The use of joint-specific and whole-body MRI in osteonecrosis: a study in patients with juvenile systemic lupus erythematosus
Objective: This study aimed to estimate the prevalence of osteonecrosis (ON) in juvenile systemic lupus erythematosus (SLE) patients using joint-specific and whole-body MRI; to explore risk factors that are associated with the development of ON; and to evaluate prospectively patients 1 year after in...
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British Inst Radiology
|Citation:||British Journal of Radiology. London: British Inst Radiology, v. 84, n. 1003, p. 621-628, 2011.|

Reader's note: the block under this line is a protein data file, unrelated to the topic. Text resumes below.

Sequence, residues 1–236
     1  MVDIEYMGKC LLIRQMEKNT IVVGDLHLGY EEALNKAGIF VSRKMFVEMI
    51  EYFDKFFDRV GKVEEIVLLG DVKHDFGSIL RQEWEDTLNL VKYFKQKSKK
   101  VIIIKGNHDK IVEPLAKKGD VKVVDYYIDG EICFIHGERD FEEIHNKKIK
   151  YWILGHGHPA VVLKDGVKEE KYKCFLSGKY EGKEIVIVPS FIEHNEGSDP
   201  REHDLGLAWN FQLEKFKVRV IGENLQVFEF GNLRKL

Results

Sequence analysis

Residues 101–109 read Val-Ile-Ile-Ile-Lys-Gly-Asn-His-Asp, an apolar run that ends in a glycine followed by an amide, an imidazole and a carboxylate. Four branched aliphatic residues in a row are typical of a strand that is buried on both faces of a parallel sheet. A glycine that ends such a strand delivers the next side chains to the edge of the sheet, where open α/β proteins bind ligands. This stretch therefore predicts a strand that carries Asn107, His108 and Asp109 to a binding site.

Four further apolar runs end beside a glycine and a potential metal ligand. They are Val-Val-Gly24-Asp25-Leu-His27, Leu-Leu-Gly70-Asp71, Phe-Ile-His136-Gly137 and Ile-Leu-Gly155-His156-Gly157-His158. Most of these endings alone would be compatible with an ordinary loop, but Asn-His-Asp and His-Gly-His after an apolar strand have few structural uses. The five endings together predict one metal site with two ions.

|English abstract:||Objective: This study aimed to estimate the prevalence of osteonecrosis (ON) in juvenile systemic lupus erythematosus (SLE) patients using joint-specific and whole-body MRI; to explore risk factors that are associated with the development of ON; and to evaluate prospectively patients 1 year after initial imaging.Method: Within a 2 year period, we studied 40 juvenile SLE patients (aged 8-18 years) with a history of steroid use of more than 3 months duration. Risk factors including disease activity, corticosteroid use, vasculitis, Raynaud's phenomenon and lipid profile were evaluated. All patients underwent MRI of the hips, knees and ankles using joint-specific MRI. Whole-body STIR (short tau inversion recovery) MRI was performed in all patients with ON lesions.Results: Osteonecrosis was identified in 7 patients (17.5 %) upon joint-specific MRI. Whole-body STIR MRI detected ON in 6 of these 7 patients. There was no significant difference between the ON and non-ON groups in the risk factors studied. One patient had pre-existing symptomatic ON. At 1 year follow-up, the ON lesions had resolved in one patient, remained stable in four and decreased in size in two. No asymptomatic patients with ON developed clinical manifestations.Conclusion: Whole-body STIR MRI may be useful in detecting ON lesions in juvenile SLE patients but larger studies are needed to define its role.|